Between Brisbane and Logan, bordered by the Gateway and Logan motorways, surrounded by truck depots and sprawling housing developments, sits almost 1000 hectares of remnant bushland.
Karawatha Forest is a haven for more than 200 different native animal species, just 18 kilometres from Brisbane’s CBD and is listed as a wetland of national significance.
For two decades conservationists have been fighting weeds and working to protect this forest for significant native animals like the greater glider, one of the Australia’s largest gliding marsupials, the critically endangered regent honeyeater, and the unique diversity of frog species.
While conservationists try to protect these areas, mountain bikers want to enjoy them.
Mountain biking around forests can be a great way to engage with the environment and keep fit and healthy at a time when we are being told to look after ourselves.
However, rogue mountain bikers have been tearing through the bushland for their own pleasure and that has huge flow on effects for the wildlife.
Can conservationists and mountain bikers co-exist in Karawatha Forest?
Walking through Karawatha forest you can find illegal mountain bike tracks cutting across walking paths and down steep slopes, the Council has barricaded these tracks and tried to close them down but there is too much bushland and not enough bright orange barrier mesh to cover them all.
Councillor Steve Griffith is well aware of the conflict between these two groups, he said that the illegal tracks not only cause damage to reserve’s, but also take up council resources to rectify them.
“I get lobbied by people that want them and people who say they have a right to have them, they say it’s not damaging the environment.”
“Then I have another group of people that say it does a lot of damage to the parks, the parks are precious.”
“Council tries to settle on a happy medium on where bikes are used, and there are bike tracks, but people on mountain bikes are looking for more vigorous activity,” Councillor Griffiths said.
Numerous studies, including research conducted by the School of Environment at Griffith University, concluded that after the initial trail construction, biking and hiking have similar levels of environmental impact.
However, where hikers prefer steady gradients that follow the natural lay of the land, mountain bikers like to ride down steep tracks and make jumps that alter the flow of any water catchments.
The study reported that “Riding bikes up and down slopes had more impact than riding across gentle slopes.”
“Mountain biking does cause more damage than hiking, but only at the highest levels of use tested and only for some variables.”
Karawatha Forest had been logged of old growth trees and mined for sand until the community decided to save it from further development.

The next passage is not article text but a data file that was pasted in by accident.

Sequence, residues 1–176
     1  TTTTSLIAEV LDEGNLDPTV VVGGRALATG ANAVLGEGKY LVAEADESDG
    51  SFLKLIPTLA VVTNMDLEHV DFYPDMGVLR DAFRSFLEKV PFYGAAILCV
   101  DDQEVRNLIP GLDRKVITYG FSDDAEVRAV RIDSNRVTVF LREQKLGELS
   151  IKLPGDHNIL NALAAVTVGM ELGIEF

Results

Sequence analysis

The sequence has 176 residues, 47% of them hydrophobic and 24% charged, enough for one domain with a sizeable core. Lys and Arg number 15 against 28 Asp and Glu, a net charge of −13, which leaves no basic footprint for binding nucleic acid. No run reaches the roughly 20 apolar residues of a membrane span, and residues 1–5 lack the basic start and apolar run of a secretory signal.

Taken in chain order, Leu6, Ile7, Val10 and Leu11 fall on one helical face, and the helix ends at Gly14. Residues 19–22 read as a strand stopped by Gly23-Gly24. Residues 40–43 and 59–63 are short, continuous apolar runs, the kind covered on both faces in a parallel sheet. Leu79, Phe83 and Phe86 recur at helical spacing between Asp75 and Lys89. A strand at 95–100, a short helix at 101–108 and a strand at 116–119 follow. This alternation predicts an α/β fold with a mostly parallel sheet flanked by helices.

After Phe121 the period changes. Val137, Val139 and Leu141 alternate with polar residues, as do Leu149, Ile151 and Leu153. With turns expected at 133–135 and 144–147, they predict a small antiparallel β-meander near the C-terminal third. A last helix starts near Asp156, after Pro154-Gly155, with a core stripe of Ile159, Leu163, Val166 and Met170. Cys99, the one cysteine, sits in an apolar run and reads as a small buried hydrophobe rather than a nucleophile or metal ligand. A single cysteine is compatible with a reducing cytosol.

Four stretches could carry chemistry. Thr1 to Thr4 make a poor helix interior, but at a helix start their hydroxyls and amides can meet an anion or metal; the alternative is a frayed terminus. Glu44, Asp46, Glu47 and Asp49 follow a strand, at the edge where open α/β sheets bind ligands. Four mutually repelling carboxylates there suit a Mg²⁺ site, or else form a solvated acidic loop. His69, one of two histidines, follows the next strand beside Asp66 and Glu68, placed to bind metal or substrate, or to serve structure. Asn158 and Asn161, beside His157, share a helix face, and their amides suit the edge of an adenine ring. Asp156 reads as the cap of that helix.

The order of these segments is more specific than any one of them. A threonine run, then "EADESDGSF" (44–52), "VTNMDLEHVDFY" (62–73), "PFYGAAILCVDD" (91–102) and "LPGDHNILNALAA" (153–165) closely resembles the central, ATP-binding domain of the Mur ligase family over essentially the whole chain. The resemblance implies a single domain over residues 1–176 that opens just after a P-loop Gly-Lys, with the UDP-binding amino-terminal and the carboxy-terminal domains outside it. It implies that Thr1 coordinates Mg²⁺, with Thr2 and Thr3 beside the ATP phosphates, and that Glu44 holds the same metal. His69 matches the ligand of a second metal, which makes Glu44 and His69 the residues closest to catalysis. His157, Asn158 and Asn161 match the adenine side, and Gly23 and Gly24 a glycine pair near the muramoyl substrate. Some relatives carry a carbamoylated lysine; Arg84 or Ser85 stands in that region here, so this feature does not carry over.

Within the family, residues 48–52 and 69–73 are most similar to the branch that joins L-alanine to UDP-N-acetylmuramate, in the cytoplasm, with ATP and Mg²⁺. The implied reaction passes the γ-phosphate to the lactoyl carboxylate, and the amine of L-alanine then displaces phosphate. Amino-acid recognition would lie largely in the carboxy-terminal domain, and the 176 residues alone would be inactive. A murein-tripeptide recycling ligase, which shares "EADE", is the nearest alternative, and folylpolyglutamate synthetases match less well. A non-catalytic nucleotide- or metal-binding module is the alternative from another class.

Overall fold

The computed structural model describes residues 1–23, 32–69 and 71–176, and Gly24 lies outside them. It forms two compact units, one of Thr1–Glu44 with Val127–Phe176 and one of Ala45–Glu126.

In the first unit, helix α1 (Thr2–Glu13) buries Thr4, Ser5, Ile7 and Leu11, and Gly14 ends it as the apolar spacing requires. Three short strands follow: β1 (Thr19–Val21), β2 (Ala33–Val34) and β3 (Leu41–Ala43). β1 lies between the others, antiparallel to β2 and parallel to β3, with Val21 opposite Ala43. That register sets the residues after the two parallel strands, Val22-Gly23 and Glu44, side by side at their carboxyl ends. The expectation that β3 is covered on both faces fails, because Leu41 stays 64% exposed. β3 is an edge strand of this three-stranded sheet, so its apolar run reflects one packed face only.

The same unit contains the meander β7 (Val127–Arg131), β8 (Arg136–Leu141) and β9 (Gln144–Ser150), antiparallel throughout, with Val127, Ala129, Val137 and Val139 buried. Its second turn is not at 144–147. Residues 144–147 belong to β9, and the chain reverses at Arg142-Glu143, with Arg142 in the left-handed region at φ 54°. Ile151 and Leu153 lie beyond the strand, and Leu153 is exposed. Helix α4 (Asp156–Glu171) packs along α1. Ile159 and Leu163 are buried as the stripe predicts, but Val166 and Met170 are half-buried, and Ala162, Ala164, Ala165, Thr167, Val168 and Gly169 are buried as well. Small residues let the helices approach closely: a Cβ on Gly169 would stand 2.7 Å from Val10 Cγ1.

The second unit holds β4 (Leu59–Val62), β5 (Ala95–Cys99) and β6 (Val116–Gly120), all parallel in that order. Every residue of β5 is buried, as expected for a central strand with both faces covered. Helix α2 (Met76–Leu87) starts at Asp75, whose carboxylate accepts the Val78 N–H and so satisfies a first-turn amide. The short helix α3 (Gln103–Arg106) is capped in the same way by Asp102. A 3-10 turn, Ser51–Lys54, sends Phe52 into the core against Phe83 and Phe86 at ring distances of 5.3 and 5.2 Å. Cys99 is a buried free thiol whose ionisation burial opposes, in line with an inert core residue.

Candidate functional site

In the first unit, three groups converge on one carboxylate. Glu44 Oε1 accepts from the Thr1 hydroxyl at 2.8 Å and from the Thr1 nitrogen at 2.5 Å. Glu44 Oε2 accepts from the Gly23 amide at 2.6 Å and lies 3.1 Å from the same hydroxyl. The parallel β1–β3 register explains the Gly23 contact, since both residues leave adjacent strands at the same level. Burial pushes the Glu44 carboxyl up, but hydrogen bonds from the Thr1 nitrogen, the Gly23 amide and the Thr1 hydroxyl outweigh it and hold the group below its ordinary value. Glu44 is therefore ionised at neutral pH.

The Karawatha Protection Society (KFPS) was formed by three ladies over a cup of tea in 1991.
The secretary of KFPS, Paula Ross, said that illegal mountain bike tracks have been built extensively throughout Karawatha Forest.
“The mountain bikes are more prevalent now and the Brisbane City Council (BCC) has been pretty good in taking notice and closing some of the illegal tracks.”
A petition with approximately 450 signatures has been made on Change.org to have those tracks made permanent.
The petition made by Jack Marsden promotes that “Building trails within Karawatha can keep surrounding local mountain bikers in the area, causing them to spend their money within our community rather than travelling to other suburbs.”
Marsden has posted videos of himself online riding through these illegal trails in Karawatha, but did not reply to inquiries.
Although Marsden’s petition has 450 signatures, a counter petition by the Karawatha Forest Protection Society has gained 3,800 signatures since it was launched in June.
Paula Ross doesn’t want any mountain bike tracks built in the forest as it could affect the natural lay of the land.
“I think they should have a designated area, as far as I’m concerned anywhere that’s used for mountain biking has to be designed specifically for that and then all the hydrology of the area taken into account when it’s being built,” Ms Ross said.
“You just can’t go into a forest putting in tracks willy nilly without thinking about the consequences.”
The way that the water collects in Karawatha Forest is quite important, as the forest is home to some of the most diverse frog ponds in Brisbane with the state-listed vulnerable Wallum Froglet needing the most protection.
Wildlife ecologist Dr. Ed Meyer attributes the uniqueness of Karawatha’s frog diversity to its landscape.
“The areas further downstream are usually full of fish and that’s a problem for frogs so those ponds upstream where you get isolated water holes that are more temporary are quite important breeding habitats,” Dr. Meyer said.
Usually these upstream wetlands are destroyed by developments, because of this Dr. Meyer believes that Karawatha is “unparalleled” for frog diversity in the Brisbane area.
But, how does mountain biking affect frog ponds?
Karawatha Forest contains some of the last remaining wet heathlands and paperbark swamps in Brisbane.
Dotted with waterhens and ducks the swamps are bordered by nebulous sedges, dwarfed by thickets of soft creamy coloured paperbark trees exemplified by the picturesque Illaweena Lagoon.
Paula Ross is worried that the mountain bike trails will change the water catchment of the forest.